2.2Loss-Based Estimation

2.2.1Estimation with Full Data

Let ψ : S → R be a real-valued function of W, where ψ ∈ Ψ. Let L(X,ψ) denote a full data

loss function and define EFX,0[L(X,ψ)] =

The parameter of interest, ψ0, is then defined as a minimizer of the risk EFX,0[L(X,ψ0)] =

min

ψ∈ΨEFX,0[L(X,ψ)]. In practice, and on the basis of the fully observed data X1,...,Xn, ψ0can

be estimated by minimizing the empirical risk (i.e., average loss) n−1?n

case estimation of ψ0reduces to estimating the corresponding model parameter(s). We reserve

further discussion of this issue until Section 2.4, where piecewise constant regression estimators

will be of primary interest in connection with partDSA.

The purpose of the loss function is to quantify a specific measure of performance and,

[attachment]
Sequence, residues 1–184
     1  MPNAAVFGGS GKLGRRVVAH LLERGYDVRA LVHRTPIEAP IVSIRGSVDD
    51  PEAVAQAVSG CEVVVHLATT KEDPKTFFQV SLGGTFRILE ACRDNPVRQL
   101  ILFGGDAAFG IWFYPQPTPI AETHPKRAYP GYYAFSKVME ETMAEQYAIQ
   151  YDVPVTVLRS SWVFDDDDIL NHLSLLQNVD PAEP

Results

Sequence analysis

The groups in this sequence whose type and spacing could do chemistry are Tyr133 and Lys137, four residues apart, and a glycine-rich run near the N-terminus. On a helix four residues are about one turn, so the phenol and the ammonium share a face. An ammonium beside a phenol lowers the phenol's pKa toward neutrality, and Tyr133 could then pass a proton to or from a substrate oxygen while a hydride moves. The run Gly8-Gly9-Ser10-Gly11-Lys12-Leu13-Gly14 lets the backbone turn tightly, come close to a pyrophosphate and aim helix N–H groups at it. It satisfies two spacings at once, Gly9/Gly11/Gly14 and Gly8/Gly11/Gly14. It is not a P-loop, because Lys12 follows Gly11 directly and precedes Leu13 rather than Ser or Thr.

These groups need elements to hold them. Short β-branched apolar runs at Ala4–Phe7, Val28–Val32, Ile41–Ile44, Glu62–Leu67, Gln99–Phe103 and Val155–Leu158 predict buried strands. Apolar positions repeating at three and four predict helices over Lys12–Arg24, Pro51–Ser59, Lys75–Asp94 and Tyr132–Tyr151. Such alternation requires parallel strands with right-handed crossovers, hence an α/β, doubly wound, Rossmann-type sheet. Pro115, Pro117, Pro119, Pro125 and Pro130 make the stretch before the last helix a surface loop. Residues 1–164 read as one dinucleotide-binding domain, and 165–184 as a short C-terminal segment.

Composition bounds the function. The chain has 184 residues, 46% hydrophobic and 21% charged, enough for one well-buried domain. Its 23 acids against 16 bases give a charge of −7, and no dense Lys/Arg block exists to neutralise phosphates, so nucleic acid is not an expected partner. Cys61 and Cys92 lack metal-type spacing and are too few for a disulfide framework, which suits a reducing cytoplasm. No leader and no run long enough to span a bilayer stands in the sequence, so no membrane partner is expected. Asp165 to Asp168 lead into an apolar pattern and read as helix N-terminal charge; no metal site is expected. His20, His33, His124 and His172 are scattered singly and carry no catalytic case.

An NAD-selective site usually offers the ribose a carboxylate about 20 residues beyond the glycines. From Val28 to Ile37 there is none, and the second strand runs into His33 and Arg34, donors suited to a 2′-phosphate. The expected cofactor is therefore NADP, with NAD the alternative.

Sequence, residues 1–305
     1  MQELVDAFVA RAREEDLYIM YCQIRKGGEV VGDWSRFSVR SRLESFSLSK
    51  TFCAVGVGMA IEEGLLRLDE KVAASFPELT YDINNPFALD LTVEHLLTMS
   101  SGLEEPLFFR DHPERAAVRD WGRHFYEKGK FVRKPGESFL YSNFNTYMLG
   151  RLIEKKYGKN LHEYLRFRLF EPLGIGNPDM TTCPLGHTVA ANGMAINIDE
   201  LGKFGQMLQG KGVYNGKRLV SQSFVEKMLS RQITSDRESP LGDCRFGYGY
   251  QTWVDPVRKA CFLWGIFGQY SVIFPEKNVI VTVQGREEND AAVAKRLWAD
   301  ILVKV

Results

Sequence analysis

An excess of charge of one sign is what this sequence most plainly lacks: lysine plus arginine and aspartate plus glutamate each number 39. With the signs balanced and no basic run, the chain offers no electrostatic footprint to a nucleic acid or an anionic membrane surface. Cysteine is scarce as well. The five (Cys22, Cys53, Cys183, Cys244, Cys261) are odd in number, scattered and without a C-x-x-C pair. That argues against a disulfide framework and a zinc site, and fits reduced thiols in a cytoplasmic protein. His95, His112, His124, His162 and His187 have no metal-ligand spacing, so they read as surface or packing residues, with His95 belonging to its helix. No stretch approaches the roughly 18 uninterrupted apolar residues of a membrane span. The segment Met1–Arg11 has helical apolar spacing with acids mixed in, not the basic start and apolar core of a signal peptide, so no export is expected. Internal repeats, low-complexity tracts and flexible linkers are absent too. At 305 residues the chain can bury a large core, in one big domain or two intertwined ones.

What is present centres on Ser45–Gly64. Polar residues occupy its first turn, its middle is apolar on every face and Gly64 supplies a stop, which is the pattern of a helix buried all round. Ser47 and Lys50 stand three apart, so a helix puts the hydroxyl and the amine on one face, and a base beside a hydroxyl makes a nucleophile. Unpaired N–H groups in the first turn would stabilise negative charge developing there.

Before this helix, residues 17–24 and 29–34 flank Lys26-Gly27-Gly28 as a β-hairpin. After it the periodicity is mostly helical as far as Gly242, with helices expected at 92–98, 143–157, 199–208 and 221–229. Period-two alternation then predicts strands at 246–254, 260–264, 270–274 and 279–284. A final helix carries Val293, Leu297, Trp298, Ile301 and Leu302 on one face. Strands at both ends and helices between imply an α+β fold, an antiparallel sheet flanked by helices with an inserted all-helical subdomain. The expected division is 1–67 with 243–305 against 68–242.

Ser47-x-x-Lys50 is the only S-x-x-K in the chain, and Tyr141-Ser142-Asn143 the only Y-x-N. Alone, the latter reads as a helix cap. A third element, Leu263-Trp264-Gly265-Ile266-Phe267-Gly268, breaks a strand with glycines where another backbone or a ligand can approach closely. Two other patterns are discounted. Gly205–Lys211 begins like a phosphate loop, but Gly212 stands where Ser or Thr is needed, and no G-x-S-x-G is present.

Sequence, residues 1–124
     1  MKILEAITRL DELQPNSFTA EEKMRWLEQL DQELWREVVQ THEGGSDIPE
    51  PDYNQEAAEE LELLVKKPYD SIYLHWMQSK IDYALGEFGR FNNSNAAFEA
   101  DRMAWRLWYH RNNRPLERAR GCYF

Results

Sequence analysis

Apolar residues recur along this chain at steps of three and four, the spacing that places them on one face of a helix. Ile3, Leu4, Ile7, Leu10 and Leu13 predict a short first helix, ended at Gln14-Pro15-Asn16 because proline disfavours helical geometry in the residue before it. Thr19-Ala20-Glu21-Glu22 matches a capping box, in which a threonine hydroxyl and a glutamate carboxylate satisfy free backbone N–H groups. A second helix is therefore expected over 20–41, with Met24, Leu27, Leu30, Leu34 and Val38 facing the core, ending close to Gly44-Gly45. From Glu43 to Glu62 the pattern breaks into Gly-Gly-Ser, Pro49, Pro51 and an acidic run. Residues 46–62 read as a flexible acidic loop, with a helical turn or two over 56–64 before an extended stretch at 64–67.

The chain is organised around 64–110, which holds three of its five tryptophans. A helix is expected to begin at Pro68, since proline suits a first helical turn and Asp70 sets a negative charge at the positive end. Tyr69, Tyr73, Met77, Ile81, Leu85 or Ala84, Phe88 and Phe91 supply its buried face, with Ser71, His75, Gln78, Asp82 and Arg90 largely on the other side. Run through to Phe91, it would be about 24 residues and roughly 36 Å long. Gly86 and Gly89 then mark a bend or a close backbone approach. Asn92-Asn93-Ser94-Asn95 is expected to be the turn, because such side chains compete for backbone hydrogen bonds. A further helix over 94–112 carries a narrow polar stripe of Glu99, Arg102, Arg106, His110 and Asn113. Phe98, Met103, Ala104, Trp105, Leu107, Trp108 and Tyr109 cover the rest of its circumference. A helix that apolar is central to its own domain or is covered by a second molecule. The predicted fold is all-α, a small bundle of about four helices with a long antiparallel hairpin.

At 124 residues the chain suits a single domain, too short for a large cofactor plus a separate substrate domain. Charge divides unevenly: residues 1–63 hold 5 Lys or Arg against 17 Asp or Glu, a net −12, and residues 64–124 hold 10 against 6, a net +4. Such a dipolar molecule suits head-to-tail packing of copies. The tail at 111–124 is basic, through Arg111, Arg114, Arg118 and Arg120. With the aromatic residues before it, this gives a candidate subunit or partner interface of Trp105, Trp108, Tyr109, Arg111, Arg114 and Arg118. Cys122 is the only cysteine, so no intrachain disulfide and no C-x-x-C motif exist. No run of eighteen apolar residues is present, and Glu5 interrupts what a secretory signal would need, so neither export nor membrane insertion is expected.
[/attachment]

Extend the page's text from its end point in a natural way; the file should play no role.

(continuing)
depending on the parameter of interest, there could be numerous loss functions from which to

choose. In the case of the continuous outcome Z = logT, a common and important parameter

of interest is the conditional mean ψ0(W) = E[Z | W]; it is well known that ψ0(W) is under mild

conditions the unique minimizer of the risk under the squared error loss L(X,ψ) = (Z−ψ(W))2.

More generally, the conditional mean ψ0(W) minimizes the risk under the far larger class of

Bregman loss functions; see Banerjee et al. (2005) for details. However, the estimators of ψ0(W)

derived from the corresponding average loss may well be different for different choices of loss

functions within the Bregman family.

The mean is generally regarded as a useful and interpretable quantity. However, in the case

of time-to-event data, one is frequently interested in alternative summaries. For example, the

conditional median survival time ψ0(W) = Med[T | W] minimizes the risk under the absolute

error loss L(X,ψ) =| T −ψ(W) |. Alternatively, one may be specifically interested in predicting